When we were in New York last fall we visited the 9/11 site and I took photographs of the names engraved on the steel bands that surround the reflecting pools in the memorial park. Since today is the anniversary of 9/11 I thought I would put faces and stories to three of those names.
Michael John Otten was a 42-year-old third generation firefighter from Manhattan. He could always be counted on to lend a helping hand to those in his neighborhood who needed assistance. This coming January his 21-year-old son Christopher and his 18-year-old son Jonathan are scheduled to write their entrance exams for firefighting school so they can follow in their father’s footsteps. Their Mom says although she will worry for her sons’ safety she has no intention of stopping them. She remembers how their father loved his job and woke up everyday happy about going to work. She wants that kind of joy in their profession to be a reality for her sons too.
Rhonda Sue Rasmussen was a 44-year-old civilian employee of the United States Army. She and her husband Floyd had four children. He describes her as a woman with “a big heart, big smile, willing to listen, laugh at you, put you at ease.” Her work as a budget analyst had taken her family to several overseas postings including three terms in Germany which she had particularly enjoyed. Rhonda loved to read aloud to her husband when they went on car trips.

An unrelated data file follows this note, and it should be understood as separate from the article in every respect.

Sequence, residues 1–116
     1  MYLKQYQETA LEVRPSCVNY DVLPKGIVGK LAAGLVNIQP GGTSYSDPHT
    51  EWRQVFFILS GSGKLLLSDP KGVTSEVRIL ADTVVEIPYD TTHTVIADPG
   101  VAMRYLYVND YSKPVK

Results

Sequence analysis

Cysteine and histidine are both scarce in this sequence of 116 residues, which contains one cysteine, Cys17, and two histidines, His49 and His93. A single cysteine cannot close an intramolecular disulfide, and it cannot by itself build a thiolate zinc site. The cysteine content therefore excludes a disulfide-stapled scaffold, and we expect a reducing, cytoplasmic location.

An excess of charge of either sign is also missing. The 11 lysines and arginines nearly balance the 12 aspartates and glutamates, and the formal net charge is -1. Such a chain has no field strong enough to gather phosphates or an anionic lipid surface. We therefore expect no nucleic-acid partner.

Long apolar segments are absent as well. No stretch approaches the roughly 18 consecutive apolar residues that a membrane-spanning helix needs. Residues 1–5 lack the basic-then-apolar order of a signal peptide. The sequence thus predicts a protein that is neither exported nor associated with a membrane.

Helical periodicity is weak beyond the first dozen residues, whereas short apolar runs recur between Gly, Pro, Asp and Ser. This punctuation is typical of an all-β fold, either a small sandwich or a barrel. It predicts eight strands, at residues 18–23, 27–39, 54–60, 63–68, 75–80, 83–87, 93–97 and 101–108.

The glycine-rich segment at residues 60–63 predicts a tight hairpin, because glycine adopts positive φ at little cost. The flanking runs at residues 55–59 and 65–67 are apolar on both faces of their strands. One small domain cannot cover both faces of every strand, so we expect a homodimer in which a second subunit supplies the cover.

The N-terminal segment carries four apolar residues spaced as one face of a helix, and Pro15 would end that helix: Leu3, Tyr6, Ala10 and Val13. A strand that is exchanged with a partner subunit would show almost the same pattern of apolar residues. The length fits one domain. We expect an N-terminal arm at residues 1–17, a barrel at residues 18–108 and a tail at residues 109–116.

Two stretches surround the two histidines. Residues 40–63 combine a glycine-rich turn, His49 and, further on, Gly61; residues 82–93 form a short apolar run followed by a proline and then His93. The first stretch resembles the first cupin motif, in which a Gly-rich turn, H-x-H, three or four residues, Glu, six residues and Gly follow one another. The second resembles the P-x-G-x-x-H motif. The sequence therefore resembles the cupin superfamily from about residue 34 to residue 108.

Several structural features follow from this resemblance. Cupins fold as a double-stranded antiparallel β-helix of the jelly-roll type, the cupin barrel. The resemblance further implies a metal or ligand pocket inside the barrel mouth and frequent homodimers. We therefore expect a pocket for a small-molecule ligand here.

Amy R. King was a 29-year-old flight attendant on the plane that was flown into the South Tower. She was an avid runner, the youngest of three sisters and a devoted aunt to her nieces and nephews. She was dating Michael Tarrou a fellow flight attendant who died with her. Michael had recently asked his mother for his grandmother’s engagement ring to give to Amy. Her hometown of Jamestown New York will hold the 11th annual Amy’s Run this year. The 5K event was organized by Amy’s high school track coach and all proceeds go to summer camp scholarships for kids. The community has also built a playground called Amy’s Playce. It’s spelled with a ‘y’ because it is a place for kids to play and new equipment is constantly being added.